The Hollowells

(Pasquotank County)

Featured Characters – 1860

Christopher Hollowell

Christopher W. Hollowell

Courtesy of Abby Manning

Erected in 1856 for planter Christopher Wilson Hollowell (1821-1892), Bayside epitomizes the height of antebellum prosperity in Pasquotank County.  The two-and-a-half-story, double-pile Greek Revival residence has two-story porches on front and rear.  The intact center-hall plan interior features double parlors on the southwest that contain round-arched Italianate style marble mantels.  Woodwork throughout the downstairs consists of sophisticated convex, concave, and flat-fluted surrounds.  The staircase has an exuberant octagonal newel with whimsical Gothic-arched balusters.

Christopher Wilson Hollowell was born in Perquimans County in 1821 and remained there until he moved to Pasquotank County in order to manage the plantations of his cousin, James Cathcart Johnston who owned Hayes Plantation. He married Alpine Douglas Bodine in 1855 and built Bayside Plantation for her, which still remains on Weeksville Road south of Elizabeth City. They had four children before Alpine died in 1867. Three years later, Hollowell married Parthenia Gatling, born in Perquimans County in 1848, and had five children with her. A particularly well-off citizen, Hollowell was able to give Federal troops 478 bushels of corn, 20 bushels of wheat, and 2,500 pounds of fodder in December of 1863. Because of this, he was one of few men granted unlimited access in and out of Elizabeth City during Union occupation. Though he had strong Unionist sympathies, Christopher received the hungry and the wounded, provided forage and shelter, and even began a wage labor system for his slaves in 1863, which proved crucial in keeping his large estate productive. After the war, Hollowell managed business interests at the Nags Head Hotel. Hollowell died in 1892, leaving his estate to his wife and children.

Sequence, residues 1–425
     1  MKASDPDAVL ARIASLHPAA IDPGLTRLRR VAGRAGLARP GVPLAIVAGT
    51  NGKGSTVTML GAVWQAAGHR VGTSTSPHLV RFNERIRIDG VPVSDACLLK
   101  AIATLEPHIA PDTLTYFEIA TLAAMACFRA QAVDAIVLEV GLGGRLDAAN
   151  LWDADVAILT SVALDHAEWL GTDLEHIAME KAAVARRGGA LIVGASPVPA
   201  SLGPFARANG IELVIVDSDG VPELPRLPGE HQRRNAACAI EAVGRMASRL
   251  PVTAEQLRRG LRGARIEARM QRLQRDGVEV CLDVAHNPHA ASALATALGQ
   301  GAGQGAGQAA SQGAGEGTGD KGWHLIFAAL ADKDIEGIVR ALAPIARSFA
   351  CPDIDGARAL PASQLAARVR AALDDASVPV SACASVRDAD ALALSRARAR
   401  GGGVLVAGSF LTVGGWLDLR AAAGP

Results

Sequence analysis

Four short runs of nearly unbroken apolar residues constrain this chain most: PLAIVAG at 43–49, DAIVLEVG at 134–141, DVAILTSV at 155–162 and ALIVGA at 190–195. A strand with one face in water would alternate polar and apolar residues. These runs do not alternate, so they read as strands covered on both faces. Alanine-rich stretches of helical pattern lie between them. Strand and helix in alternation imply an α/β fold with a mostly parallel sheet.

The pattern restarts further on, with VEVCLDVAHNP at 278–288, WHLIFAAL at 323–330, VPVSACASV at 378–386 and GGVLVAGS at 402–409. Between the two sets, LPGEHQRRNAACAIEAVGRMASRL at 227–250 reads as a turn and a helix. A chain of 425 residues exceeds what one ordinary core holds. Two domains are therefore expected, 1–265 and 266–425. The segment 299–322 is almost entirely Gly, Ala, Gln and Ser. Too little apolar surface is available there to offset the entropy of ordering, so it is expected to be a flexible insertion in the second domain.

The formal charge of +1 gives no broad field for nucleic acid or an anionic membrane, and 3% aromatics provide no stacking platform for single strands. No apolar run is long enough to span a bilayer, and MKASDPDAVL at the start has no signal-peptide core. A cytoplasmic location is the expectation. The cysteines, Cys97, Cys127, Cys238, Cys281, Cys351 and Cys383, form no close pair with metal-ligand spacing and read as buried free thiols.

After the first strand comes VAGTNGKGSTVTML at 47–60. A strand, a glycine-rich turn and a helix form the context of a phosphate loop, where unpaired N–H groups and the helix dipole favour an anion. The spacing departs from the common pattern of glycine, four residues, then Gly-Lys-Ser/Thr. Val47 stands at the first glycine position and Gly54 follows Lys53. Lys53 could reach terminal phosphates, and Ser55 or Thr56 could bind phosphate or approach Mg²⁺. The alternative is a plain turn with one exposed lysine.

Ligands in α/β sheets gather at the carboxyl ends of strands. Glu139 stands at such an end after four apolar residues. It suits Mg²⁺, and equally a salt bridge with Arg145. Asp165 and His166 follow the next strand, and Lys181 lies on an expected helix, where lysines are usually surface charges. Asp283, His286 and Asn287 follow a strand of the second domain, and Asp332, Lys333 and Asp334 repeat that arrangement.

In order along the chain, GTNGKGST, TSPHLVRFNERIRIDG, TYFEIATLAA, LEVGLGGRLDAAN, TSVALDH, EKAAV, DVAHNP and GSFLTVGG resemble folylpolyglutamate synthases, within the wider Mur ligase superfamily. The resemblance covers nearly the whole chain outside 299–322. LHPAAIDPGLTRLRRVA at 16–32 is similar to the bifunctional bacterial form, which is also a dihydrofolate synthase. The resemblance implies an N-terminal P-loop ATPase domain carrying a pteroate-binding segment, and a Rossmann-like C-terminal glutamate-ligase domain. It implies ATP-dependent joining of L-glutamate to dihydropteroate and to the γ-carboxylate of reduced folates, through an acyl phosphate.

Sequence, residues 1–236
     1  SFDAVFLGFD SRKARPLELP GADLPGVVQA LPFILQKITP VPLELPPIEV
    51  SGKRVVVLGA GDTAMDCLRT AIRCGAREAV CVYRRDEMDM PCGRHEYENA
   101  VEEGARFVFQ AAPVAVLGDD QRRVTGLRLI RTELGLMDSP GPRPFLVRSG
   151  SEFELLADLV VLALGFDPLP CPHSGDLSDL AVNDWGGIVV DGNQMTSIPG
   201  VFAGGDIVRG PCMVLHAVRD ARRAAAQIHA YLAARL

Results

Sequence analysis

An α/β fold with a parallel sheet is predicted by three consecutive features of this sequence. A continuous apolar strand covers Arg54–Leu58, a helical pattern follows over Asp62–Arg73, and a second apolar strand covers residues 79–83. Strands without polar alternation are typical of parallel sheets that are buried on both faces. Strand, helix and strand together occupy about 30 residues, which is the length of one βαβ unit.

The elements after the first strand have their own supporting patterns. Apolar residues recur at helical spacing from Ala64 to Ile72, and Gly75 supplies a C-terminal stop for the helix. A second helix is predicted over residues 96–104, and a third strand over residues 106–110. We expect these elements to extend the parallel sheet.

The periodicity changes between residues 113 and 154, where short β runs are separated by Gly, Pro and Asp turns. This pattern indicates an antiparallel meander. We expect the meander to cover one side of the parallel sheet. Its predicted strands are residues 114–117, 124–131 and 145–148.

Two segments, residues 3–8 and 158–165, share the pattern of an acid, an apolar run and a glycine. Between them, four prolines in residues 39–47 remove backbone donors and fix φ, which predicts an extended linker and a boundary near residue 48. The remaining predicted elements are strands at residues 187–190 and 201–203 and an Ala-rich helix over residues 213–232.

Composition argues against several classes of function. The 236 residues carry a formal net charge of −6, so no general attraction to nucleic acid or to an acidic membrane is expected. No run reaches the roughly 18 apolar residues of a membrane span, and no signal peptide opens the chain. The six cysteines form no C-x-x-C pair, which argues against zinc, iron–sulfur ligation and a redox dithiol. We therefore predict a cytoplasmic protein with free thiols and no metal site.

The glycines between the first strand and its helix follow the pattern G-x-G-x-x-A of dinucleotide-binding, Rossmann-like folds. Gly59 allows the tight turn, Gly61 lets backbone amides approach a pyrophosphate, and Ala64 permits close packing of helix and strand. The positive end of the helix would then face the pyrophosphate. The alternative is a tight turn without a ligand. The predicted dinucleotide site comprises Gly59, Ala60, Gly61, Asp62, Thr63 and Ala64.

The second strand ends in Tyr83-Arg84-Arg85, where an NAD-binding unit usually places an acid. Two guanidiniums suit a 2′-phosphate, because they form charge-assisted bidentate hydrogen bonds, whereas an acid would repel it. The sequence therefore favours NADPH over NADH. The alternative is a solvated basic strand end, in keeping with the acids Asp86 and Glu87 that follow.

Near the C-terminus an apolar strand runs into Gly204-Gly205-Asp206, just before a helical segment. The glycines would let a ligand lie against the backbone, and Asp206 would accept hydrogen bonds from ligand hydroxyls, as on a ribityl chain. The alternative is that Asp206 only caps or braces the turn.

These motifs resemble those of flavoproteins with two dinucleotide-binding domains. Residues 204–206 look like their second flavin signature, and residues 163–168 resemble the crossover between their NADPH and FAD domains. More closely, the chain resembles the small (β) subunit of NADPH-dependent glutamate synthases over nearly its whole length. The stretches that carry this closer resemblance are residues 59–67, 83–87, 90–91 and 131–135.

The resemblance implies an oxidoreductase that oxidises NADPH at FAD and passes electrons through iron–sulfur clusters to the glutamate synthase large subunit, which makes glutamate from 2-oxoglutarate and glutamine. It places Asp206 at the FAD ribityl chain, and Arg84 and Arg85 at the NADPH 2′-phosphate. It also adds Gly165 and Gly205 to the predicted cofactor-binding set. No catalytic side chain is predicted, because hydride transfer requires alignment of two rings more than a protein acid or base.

The house and much of the original 700-plus-acre farm remained in family ownership until 1988.  Another large portion became what is now the United States Coast Guard Base. In 1963, items from the Margaret Hollowell estate, became the foundation for the Museum of the Albemarle. Margaret was the daughter of Christopher W. and Parthenia Hollowell.